That’s not a bad thing – the new(ish) wooden play space is great for exploring by kids of all ages, there’s even a pre-schooler section. The flying fox out the back has good speed, and a great flick at the end if you’re heavy enough.
Toilets are a little bit of a walk down the main road (and there are only 2 cubicles), and parking can be tight if there is something on at the pool or events centre across the road. But its a great option to drive down the accessway into the park, grab a spot in the shade and walk through the park, stopping for a picnic maybe.

The wider park is great for exploring. Across the old swing bridge are some deer in a large paddock, and to the west of there is a BMX track.

PoTW – Haruatai Park, Otaki

Mill Road, Otaki
Nestled just below the Otaki swimming pool is this hidden gem of a play area. A good sized grass area to run around on, a range of play equipment options, some good shade on a warm day, and public toilets right next to the playground.
A great place to stop and stretch the legs.
We highly recommend the neighbouring swimming pool too – the outdoor splash pad is free to access and has a BBQ space, or you can pay for entry to the pools, which include a good sized kids pool and clean changing rooms.

PoTW – Waitangi Park, Wellington

Oriental Parade, Wellington
This is a strange wee play area. On the one hand, the sand play area is very much aimed at the very small kids, while the larger free-play structures are very much aimed at older kids. There’s not really anything here for those aged about 4-10. But there are toilets and a cafe that serves ice cream, along with a massive grass area to run around on adjoining the park, a basketball court, and is near to the skate bowl, so it’s also got a lot going for it.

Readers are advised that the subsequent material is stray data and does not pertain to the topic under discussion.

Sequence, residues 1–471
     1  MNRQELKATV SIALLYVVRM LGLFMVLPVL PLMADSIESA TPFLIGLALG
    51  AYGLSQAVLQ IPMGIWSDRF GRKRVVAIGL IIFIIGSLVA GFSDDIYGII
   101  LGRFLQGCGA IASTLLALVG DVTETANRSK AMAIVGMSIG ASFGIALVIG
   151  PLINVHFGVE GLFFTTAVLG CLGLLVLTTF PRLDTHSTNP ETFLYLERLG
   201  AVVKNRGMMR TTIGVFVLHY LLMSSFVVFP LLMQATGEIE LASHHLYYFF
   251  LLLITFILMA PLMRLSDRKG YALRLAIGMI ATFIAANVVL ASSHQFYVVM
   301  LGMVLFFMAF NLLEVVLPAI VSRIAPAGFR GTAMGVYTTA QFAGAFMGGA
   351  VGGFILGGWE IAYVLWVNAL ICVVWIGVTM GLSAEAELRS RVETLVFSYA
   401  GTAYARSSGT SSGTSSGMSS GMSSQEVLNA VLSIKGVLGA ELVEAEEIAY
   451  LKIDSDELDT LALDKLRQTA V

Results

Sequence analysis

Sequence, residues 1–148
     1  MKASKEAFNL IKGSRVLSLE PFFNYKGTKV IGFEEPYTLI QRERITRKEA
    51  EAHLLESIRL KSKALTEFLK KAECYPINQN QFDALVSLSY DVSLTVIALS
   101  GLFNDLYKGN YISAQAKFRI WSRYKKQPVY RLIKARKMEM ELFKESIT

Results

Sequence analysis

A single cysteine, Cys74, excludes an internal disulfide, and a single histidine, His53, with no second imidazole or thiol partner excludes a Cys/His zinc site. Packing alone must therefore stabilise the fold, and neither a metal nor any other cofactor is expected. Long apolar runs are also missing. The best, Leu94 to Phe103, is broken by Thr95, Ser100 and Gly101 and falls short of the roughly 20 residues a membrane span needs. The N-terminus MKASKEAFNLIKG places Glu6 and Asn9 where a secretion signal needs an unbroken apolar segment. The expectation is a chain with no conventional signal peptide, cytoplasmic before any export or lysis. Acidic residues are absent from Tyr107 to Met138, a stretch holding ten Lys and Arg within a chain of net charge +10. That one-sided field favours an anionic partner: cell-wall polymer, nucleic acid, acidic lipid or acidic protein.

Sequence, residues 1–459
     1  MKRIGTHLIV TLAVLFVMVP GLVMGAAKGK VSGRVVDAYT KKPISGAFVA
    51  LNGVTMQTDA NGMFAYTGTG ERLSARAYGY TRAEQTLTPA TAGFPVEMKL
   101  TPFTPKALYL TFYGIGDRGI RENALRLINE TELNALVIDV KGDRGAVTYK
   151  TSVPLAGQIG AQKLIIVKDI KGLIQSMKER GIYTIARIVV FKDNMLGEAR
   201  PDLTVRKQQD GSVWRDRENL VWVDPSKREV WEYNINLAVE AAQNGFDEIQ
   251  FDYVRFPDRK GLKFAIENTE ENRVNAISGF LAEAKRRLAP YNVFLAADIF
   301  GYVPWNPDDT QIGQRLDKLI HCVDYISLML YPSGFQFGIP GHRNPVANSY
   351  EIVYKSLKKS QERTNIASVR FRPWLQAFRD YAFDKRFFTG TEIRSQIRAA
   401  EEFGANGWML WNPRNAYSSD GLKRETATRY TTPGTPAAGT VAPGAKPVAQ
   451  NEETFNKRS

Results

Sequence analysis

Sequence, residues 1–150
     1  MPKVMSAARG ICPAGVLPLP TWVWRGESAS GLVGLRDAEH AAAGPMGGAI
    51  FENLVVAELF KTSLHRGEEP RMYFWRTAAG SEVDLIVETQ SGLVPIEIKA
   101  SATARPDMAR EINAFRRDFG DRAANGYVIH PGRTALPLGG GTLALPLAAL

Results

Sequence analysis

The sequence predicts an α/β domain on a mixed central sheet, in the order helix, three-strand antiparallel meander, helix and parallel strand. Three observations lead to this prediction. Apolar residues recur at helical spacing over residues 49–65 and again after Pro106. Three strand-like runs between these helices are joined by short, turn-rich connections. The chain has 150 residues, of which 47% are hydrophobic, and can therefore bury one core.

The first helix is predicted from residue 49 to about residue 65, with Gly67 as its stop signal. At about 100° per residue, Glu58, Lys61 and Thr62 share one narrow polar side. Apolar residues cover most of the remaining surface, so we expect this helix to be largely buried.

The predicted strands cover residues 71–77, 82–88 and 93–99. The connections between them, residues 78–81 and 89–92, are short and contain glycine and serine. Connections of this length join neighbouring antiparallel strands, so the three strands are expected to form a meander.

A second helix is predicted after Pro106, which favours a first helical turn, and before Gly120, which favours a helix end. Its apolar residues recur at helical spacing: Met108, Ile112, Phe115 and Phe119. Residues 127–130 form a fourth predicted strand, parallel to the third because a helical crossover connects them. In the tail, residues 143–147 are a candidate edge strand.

A popular stop-off point when visiting the Sunday produce market just up Cable Street, or after Te Papa.

PoTW – Westburn Reserve, Christchurch

Westburn Terrace, Christchurch
We spent a week in Christchurch the other summer. Then-Mr4 would have happily given up nearly everything else we did in return for just spending his time here, even if most of the time he didn’t want to be on his bike.
Thankfully, in addition to an AWESOME bike circuit that is off and away from main roads with easy parking and a toilet, there is a great wee playground with some good shade. The playgrounds best feature is its super fast merry go round, although its traditional style and fairly tall slide is also a great treat.
The bike circuit has intersections, imitation level crossings, pedestrian crossings, and interesting corners. Its big enough for Mum or Dad to ride along too. Highly recommended, one of the best small-scale public bike parks we’ve come across.

PoTW – Tongariro South Domain, Taupo

Access off Story Place